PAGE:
Some residents have formed a Political Action Committee entitled Not on Our River.

On Wednesday, some of those residents spoke again.

Gil Small asked some questions about the plan and praised town officials for continuing to work on the efficiency and price of the facility but he also again voiced his opinion that the site is wrong. He said the signs around town Garage Yes, But Not on Our River’ were phrased that way because they do support the need for a new facility.

Small also urged selectmen to re-evaluate other sites. He said the reduced size of the facility compared to other proposals could open up new possibilities.

At least three other residents spoke against the proposal.

Jim Grant, a Collinsville resident since 1969 urged selectmen to reconsider.

“I’ve been in the town a long time and I think this is one of the worst decision I’ve seen in this town,” he said.

While the town garage referendums date back to 2010 and the search for a new site to at least 1990, Kathy Munroe said she felt the town has not taken adequate time to consider such a down-sized facility. She said it was getting “pushed” on the ballot, a measure she called “objectionable.”

Most selectmen, however, stayed to the sentiments that many of them have expressed in the past several months – let the voters decide in November.

“To me it does come back to letting people in the town of Canton vote,” Kandrysawtz said.

Hill said the project, like “everything in life” involves some compromise but she also called the plan a “reasonable, suitable option.”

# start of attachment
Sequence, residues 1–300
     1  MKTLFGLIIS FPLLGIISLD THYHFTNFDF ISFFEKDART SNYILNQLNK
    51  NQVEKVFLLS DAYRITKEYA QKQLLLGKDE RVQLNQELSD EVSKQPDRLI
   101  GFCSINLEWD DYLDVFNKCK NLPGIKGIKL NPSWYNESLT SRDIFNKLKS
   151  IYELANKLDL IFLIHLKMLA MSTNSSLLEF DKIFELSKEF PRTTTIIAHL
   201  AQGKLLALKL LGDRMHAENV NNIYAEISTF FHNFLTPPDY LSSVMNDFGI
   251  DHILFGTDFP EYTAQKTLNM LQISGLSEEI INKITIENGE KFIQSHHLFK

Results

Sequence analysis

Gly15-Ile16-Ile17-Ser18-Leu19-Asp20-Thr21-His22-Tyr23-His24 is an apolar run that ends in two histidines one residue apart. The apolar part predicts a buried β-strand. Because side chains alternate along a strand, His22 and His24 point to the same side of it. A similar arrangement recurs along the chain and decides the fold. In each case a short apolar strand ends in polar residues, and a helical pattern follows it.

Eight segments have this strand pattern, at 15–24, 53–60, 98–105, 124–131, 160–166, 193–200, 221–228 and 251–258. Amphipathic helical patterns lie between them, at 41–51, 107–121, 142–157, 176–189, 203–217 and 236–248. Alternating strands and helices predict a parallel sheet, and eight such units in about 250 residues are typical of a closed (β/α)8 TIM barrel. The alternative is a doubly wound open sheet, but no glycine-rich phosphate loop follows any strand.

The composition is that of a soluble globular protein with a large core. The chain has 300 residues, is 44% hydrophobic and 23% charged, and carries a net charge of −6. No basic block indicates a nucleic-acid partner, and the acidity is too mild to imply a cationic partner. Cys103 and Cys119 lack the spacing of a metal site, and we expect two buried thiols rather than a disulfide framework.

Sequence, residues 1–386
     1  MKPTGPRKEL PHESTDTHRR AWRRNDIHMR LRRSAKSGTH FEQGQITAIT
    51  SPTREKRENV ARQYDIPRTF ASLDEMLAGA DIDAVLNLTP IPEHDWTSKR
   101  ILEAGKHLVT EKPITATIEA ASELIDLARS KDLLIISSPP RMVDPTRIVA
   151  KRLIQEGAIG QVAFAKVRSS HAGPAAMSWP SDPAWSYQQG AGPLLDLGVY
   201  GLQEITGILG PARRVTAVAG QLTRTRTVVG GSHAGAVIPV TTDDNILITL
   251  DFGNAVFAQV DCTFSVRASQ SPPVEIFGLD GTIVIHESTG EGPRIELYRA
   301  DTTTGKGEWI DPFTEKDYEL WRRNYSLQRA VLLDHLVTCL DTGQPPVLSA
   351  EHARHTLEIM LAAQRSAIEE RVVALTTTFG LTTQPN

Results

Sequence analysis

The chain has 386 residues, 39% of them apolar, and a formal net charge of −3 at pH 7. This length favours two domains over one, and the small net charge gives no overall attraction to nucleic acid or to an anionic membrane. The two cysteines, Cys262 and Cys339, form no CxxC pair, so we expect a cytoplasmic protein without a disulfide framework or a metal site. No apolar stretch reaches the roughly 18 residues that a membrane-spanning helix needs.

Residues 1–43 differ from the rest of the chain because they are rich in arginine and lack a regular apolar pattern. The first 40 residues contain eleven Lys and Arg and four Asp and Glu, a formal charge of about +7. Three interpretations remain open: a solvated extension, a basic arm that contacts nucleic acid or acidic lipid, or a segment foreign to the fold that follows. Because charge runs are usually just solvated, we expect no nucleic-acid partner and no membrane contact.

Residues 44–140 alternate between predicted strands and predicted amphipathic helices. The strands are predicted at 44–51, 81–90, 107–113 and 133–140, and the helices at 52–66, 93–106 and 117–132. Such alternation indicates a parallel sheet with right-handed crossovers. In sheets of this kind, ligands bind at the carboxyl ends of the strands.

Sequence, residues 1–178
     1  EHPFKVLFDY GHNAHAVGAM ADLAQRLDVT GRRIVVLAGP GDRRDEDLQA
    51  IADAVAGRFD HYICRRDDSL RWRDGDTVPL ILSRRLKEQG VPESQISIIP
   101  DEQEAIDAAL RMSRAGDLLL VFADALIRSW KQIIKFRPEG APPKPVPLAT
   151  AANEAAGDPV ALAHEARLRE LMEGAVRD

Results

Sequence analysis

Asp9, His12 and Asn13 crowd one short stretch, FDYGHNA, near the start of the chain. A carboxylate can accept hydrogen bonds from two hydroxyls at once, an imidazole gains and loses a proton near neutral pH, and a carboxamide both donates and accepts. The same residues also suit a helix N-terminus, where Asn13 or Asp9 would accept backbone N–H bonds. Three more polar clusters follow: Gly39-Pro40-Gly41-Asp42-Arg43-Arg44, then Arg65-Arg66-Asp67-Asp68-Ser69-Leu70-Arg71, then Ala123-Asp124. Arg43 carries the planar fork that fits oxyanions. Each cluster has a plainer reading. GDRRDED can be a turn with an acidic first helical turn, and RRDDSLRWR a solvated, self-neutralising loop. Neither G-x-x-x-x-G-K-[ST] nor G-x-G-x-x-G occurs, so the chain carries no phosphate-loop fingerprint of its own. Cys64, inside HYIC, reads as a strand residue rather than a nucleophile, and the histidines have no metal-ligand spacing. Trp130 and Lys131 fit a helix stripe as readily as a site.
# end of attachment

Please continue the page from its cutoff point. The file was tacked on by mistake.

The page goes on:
Hill also contended that the change in size was not significant enough to significantly change factors, such as site work,  at other locations.

“This is a smaller facility but it not so much smaller that other sites we looked at that had extensive site work would suddenly be viable,” she said.

At the request of Selectmen Larry Minichiello, Public Works Director Robert Martin also said a few words. He also urged people to respect each other during the debate, thanked people for supporting the department and asked people to voice their preference.

“It’s a beautiful community,” he said. “Respect each other and please vote.”

During the meeting, several comments also referenced some of the discussion from the previous week.

Small also referenced a comment made a week earlier when resident Lans Perry spoke against the Not on Our River group, and at one point referenced some people on certain streets in town as “Chablis-swilling elite.”

“I’ve already had a bottle of Chablis given to me and I’d like people to understand I don’t want any more,” Small said.

Several selectmen also referenced comments from the previous week and while no names were mentioned it was clear from their demeanor that they failed to see much humor in the situation.

“I would like to keep this respectful in tone and avoid personal attacks on other citizens and public officials,” Hill said at the beginning of the meeting.

Later in the discussion, selectmen Tom Sevigny, the one who voted against the project, said, “I hope we do not digress to personal attacks and personal innuendo,” and added that he felt the debate did just that the previous week as well as during previous proposals.

Fellow selectman Beth Kandrysawtz and other town officials also echoed his sentiments that she hopes debate remains civil.

Below are some of the documents released by the town before Wednesday’s vote. Designed to be released ahead of setting a referendum question, after which the town can not use municipal resources to “advocate” for the referendum.

In the documents, the town provides its perspective to several commonly asked questions, such as why the proposal isn’t at 51 River Road, how the river will be protected, and more.

More of the town’s documents can be found at http://www.townofcantonct.org/news/?FeedID=1195